Lee Roy Beach University of Arizona
Raanan Lipshitz University of Haifa
It is customary to attribute two roles to the formal, axiomatic, rational actor theory of decision evaluation and choice: a normative role and a prescriptive role. For brevity, we will call the formal theory classical decision theory, by which we mean the collection of axiomatic models of uncertainty and risk (probability theory, including Bayesian theory) and utility (utility theory, including multiattribute utility theory), that prescribe the optimal choice of an option from an array of options, in which optimality is defined by the underlying models and the choice is dictated by an explicit rule, usually some variant of maximization of (subjective) expected utility.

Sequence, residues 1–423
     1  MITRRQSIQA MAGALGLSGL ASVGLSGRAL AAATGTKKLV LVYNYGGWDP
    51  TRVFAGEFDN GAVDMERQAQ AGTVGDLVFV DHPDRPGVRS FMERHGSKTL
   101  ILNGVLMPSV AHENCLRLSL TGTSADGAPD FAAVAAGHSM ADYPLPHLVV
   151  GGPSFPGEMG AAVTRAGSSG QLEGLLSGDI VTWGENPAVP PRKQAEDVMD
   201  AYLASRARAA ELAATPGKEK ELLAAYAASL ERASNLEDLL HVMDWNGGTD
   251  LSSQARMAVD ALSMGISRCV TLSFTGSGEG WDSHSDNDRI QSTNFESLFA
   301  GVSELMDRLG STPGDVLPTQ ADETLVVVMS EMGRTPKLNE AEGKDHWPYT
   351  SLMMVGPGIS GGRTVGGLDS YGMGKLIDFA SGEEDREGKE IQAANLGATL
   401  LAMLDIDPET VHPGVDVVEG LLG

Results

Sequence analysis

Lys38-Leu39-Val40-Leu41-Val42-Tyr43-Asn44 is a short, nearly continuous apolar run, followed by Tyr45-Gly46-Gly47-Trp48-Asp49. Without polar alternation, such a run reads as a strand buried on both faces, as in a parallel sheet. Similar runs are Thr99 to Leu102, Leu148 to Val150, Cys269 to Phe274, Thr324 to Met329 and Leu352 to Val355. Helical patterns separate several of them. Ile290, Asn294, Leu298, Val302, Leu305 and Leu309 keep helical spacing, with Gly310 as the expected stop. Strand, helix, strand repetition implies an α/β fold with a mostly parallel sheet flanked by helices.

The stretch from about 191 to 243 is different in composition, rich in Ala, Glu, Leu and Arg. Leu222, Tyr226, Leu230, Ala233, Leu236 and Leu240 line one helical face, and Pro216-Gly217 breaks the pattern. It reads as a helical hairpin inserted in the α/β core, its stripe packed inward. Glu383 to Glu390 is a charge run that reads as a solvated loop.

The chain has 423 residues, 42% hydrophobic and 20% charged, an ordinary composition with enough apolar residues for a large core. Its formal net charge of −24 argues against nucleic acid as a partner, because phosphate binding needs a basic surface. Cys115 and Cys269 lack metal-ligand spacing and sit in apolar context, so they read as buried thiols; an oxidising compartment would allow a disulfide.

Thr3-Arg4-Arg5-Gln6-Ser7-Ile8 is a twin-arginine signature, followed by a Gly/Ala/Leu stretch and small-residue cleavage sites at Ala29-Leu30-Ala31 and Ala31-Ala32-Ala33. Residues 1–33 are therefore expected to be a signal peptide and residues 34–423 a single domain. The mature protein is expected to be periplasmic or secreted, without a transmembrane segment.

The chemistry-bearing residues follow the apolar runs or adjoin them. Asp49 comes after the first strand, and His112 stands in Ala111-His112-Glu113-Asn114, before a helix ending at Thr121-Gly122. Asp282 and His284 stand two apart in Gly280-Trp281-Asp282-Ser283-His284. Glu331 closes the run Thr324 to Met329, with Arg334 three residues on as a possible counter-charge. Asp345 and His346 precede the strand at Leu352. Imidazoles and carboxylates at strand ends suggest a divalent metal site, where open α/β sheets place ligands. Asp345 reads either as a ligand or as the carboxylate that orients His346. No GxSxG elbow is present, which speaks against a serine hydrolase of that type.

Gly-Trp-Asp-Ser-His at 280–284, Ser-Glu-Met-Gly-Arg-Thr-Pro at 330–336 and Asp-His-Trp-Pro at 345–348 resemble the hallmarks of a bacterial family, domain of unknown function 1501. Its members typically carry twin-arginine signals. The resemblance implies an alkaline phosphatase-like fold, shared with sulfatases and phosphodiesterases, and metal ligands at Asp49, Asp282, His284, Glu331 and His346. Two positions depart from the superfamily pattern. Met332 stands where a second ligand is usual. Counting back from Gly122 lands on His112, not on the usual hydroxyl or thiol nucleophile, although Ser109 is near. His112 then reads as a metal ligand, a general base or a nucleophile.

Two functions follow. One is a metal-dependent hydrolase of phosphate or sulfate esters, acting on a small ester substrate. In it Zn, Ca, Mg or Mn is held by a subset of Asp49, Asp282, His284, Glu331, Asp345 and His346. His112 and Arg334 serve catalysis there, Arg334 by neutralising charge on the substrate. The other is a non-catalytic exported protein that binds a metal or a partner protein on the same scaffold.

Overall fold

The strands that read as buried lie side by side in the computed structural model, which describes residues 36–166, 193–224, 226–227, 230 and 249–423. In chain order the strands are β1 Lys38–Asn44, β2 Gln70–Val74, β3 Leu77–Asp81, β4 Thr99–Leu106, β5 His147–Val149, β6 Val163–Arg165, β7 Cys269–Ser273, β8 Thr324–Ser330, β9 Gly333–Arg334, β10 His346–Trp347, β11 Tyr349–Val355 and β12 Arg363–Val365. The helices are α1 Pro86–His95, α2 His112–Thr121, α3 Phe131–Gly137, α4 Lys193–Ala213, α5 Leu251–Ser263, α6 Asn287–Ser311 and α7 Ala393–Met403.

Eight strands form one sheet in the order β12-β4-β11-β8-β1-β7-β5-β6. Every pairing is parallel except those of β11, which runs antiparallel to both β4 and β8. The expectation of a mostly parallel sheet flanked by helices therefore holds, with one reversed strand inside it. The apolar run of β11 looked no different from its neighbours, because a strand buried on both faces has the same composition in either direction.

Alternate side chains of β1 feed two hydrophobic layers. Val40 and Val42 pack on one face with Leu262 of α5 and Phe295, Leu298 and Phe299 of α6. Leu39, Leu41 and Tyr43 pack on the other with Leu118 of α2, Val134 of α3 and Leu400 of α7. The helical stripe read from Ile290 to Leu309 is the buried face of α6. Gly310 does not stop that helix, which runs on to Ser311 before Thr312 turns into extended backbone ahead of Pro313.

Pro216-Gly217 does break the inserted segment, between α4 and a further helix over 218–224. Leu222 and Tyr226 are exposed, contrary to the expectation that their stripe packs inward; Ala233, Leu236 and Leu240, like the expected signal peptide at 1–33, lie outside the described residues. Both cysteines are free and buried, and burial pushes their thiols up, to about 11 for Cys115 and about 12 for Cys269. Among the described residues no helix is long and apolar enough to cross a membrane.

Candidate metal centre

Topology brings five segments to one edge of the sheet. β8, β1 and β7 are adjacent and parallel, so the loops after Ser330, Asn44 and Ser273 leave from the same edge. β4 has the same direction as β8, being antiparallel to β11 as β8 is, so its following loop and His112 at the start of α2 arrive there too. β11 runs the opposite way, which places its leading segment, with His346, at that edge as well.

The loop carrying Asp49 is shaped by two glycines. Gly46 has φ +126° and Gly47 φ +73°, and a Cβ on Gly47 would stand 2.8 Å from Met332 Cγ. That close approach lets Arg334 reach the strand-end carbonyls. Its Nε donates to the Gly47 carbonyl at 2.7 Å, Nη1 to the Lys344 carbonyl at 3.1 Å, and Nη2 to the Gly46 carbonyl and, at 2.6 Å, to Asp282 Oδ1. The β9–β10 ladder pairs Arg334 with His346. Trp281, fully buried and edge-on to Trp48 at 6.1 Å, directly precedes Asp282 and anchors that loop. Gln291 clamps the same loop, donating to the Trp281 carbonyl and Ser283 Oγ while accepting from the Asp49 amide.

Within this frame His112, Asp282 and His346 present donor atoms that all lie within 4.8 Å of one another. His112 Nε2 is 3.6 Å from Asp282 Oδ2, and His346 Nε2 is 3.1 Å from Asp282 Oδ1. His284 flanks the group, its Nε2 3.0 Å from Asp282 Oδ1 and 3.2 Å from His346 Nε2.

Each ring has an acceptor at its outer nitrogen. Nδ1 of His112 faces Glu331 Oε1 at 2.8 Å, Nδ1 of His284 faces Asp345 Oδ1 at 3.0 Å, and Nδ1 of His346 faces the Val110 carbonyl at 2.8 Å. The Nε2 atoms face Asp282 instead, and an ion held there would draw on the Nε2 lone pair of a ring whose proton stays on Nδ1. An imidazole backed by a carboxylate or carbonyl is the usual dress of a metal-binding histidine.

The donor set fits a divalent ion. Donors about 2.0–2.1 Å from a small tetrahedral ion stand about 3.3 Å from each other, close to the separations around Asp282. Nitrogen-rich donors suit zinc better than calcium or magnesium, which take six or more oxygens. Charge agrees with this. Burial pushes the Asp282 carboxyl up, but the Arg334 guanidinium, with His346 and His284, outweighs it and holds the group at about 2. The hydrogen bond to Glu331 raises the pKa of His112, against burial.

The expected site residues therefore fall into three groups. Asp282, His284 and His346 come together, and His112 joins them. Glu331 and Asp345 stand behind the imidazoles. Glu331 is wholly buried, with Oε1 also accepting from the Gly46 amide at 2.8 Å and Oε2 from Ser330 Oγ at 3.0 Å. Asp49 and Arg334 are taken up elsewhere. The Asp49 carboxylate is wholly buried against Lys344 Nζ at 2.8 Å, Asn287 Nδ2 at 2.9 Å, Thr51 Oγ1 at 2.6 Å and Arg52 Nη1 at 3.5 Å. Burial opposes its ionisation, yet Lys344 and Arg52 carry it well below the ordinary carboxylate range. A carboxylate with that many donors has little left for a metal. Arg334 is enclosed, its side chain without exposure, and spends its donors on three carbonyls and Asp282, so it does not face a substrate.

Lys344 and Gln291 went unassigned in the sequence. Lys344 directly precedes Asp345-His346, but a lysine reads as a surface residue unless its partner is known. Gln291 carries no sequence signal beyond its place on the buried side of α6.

In its normative role, classical decision theory is an abstract system of propositions designed to describe the choices of an ideal hypothetical decision maker--omniscient, computationally omnipotent Economic Man--given the theory's very specific assumptions about the nature of the decision task. In this role the theory actually has little relevance to real- world decisions. It is merely an internally consistent, logical system that, perhaps unfortunately, reflects its origins as an attempt to rationalize____________________